Multimanagers, discretionary fund managers and linked investment service providers, such as Analytics, Fundhouse, Sanlam Multi-Managers, Old Mutual, Momentum, Investec and PPS, are the most reluctant to consider emerging black asset managers. It is estimated that less than 10% of assets on their combined platforms are managed by black asset managers, let alone black asset managers who have consistently delivered exceptional long-term investment performance.

Workers have little say in the matter. If an employer decides to move from a stand-alone fund, where employees will legally have 50% representation on the board of trustees, to an umbrella fund where employees can participate in the management of the fund, they have no legal status or say. The sponsor and employer wield disproportionate influence in the running and management of the fund.

This trend is at odds with the government’s priority of broadening access to financial services for all South Africans, and raises the question of how transformed umbrella funds and the multimanagers that typically manage the allocation of those funds are, given the significant size of the market they control on behalf of members, who are largely workers.

With every stand-alone fund that joins an umbrella fund in SA, workers’ rights and participation in the management of their retirement is eroded further, with no legal say or any other recourse.

Transformation is more than just an economic term. It is about creating jobs, empowering people and giving individuals access to better lives for themselves and their children. That is certainly a development goal to which we should all aspire.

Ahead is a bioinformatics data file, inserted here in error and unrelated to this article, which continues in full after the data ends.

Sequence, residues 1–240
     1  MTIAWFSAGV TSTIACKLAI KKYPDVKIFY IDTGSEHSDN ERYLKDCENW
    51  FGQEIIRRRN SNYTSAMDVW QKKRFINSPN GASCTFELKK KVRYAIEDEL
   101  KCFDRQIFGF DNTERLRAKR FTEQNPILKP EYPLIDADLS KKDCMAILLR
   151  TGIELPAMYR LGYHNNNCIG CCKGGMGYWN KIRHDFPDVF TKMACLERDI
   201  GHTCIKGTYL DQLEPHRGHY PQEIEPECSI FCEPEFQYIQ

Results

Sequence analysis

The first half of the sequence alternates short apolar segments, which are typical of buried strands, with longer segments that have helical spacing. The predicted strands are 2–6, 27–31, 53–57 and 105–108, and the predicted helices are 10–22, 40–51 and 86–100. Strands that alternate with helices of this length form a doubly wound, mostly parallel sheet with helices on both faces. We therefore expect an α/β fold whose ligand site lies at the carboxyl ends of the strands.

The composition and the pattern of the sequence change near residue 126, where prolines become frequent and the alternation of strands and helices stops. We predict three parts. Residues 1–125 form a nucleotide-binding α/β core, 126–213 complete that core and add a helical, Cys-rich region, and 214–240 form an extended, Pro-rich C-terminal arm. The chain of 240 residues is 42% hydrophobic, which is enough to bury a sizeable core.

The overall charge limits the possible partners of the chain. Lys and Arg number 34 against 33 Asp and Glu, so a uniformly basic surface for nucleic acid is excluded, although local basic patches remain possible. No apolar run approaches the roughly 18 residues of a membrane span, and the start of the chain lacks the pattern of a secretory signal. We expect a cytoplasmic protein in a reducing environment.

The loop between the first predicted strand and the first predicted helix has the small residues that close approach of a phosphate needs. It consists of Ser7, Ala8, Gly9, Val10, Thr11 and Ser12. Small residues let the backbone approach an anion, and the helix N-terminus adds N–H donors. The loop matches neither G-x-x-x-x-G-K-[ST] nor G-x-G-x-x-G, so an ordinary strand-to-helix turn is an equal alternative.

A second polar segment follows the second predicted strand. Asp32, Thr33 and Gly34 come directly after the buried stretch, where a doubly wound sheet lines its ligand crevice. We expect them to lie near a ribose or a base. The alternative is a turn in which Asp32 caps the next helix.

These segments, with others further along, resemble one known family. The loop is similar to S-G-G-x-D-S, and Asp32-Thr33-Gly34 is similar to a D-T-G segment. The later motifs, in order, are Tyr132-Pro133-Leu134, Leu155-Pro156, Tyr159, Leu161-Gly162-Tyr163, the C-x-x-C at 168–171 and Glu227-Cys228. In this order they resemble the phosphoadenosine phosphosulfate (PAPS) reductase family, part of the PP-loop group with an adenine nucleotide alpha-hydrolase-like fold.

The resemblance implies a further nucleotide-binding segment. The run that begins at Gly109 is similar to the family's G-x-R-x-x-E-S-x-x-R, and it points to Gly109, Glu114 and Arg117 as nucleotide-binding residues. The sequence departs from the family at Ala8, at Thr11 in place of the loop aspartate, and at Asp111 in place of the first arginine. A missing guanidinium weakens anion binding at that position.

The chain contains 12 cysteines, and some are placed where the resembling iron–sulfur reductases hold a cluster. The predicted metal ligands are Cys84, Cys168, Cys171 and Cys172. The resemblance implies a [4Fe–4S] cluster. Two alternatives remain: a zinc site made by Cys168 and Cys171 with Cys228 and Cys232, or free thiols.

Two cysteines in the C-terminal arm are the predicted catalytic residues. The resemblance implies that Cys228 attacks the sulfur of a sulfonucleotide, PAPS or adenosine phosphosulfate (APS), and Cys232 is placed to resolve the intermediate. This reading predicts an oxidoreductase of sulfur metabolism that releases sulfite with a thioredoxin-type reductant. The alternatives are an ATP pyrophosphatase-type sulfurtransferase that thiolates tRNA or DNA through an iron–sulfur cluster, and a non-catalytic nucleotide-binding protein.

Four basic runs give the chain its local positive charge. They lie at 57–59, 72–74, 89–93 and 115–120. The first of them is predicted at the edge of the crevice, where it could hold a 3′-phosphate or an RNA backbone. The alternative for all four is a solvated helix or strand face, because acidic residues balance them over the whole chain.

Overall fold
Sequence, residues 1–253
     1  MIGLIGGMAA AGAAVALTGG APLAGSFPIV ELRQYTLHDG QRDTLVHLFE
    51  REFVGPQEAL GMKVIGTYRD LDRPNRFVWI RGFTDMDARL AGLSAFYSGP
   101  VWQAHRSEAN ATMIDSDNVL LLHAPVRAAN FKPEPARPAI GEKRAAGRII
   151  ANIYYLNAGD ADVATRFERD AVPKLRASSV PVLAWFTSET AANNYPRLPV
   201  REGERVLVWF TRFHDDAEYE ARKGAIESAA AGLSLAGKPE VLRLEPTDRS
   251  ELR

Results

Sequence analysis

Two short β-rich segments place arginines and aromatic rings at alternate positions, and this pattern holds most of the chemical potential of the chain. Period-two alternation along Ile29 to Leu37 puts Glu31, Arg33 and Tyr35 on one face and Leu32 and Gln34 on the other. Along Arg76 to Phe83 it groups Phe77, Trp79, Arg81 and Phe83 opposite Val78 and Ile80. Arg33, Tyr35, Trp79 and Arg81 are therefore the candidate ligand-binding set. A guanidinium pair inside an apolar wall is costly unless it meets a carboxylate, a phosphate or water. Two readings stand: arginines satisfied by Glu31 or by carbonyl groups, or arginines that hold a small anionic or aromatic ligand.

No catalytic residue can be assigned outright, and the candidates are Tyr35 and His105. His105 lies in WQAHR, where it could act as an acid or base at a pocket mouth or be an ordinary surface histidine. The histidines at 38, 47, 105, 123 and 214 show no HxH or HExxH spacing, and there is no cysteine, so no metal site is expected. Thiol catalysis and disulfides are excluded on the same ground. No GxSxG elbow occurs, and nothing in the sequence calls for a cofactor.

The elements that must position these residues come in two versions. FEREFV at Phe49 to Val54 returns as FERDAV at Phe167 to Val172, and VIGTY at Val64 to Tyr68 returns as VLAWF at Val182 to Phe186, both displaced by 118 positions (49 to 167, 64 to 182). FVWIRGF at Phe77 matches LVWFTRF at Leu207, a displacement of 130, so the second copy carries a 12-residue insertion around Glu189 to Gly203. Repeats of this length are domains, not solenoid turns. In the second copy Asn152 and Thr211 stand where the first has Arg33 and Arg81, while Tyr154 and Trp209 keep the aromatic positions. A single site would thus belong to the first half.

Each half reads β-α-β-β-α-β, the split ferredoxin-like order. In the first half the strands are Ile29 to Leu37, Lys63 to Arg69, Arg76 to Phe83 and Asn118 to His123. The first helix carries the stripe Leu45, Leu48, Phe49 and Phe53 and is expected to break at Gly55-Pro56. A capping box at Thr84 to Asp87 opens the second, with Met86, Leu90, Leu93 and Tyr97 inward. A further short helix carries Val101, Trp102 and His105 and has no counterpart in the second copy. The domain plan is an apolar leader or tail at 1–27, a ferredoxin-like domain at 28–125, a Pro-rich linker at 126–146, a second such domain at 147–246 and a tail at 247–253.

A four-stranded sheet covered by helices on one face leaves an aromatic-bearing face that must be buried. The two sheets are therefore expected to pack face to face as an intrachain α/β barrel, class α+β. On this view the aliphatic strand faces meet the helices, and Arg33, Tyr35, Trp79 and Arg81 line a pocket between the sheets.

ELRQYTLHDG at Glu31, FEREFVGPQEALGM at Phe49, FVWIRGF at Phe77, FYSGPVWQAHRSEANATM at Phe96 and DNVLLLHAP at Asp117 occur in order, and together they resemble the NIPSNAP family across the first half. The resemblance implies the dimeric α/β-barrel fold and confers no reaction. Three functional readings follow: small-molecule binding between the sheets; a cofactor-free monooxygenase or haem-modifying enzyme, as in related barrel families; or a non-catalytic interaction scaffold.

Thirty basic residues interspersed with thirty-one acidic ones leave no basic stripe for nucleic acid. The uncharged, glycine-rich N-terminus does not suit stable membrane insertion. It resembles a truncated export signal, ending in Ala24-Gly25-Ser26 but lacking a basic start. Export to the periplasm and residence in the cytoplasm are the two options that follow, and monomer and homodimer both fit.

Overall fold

The Association of Black Securities and Investment Professionals, which advocates for black professionals and black-owned businesses in the financial services sector, supports the following FSTC proposals:

  • The industry be compelled, including through licensing conditions, to provide the necessary information to the B-BBEE Commission;
  • Achieving targets be a condition for licensing financial institutions, as provided for in section 10(1) of the B-BBEE Act;
  • Consideration be given to amending the B-BBEE Act to provide for a system of fines for failure to meet targets;
  • The government and other relevant institutions consider legislative changes allowing for proportional entry requirements for new entrants. This will support progressive growth of informal entities, such as stokvels, into larger players within the sector;
  • Engage with the various stakeholders for the development of legislation that will lead to ownership of banks by blacks, particularly Africans, with adequate inclusion of women. Such legislation should also lead to black people and women, particularly Africans, being the majority at all levels of management;
  • Strong action against bank collusion on the manipulation of currency trading;
  • Consider tightening legislation to reduce prospects of collusion among banks;
  • Banks and law enforcement agencies do more to combat Illicit financial flows, and
  • Encouraging foreign investors to invest in initiatives that will promote the entrance of new players.

The financial services sector should be radically transformed to become a vibrant and globally competitive industry that reflects the demographics of SA and contributes to the establishment of an equitable society by providing accessible services to black people and directing investment into targeted economic sectors.

• Mbatha is president of the Association of Black Securities and Investment Professionals and chairs the FSTC.

Would you like to comment on this article or view other readers' comments?
Register (it’s quick and free) or sign in now.

Speech Bubbles

Please read our Comment Policy before commenting.